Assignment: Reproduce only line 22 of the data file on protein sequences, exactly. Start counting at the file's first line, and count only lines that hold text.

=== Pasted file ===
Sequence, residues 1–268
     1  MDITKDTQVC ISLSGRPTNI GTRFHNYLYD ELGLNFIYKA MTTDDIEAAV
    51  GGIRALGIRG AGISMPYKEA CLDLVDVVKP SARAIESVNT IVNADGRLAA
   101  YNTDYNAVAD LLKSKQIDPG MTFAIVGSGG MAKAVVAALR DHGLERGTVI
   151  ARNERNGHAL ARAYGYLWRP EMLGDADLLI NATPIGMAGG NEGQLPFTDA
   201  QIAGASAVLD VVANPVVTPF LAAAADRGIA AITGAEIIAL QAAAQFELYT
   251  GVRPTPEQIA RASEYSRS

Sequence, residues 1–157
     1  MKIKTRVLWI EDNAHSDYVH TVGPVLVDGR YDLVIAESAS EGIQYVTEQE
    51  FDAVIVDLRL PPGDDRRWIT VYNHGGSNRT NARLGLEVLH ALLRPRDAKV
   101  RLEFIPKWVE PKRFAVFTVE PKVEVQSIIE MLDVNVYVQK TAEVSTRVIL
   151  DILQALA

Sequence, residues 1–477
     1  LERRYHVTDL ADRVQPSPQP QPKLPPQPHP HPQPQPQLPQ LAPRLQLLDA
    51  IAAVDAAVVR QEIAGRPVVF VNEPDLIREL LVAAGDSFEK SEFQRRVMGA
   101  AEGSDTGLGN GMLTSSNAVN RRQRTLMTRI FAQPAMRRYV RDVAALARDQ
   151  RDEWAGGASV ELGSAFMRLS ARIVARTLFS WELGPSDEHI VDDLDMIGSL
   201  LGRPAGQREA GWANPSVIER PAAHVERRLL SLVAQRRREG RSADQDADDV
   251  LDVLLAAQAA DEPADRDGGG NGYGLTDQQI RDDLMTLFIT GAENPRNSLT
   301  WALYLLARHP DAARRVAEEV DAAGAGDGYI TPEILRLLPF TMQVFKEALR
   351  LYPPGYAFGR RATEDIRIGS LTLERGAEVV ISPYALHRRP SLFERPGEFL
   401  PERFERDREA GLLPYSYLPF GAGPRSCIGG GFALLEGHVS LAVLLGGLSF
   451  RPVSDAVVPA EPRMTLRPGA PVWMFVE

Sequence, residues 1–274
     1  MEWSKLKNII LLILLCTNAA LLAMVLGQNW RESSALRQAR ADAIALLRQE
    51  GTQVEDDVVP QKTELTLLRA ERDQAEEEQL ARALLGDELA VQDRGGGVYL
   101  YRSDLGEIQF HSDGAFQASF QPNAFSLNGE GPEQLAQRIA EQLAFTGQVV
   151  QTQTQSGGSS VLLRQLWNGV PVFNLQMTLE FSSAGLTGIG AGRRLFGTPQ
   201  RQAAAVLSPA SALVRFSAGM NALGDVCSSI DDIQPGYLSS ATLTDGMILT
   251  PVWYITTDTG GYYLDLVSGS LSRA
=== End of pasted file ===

   401  PERFERDREA GLLPYSYLPF GAGPRSCIGG GFALLEGHVS LAVLLGGLSF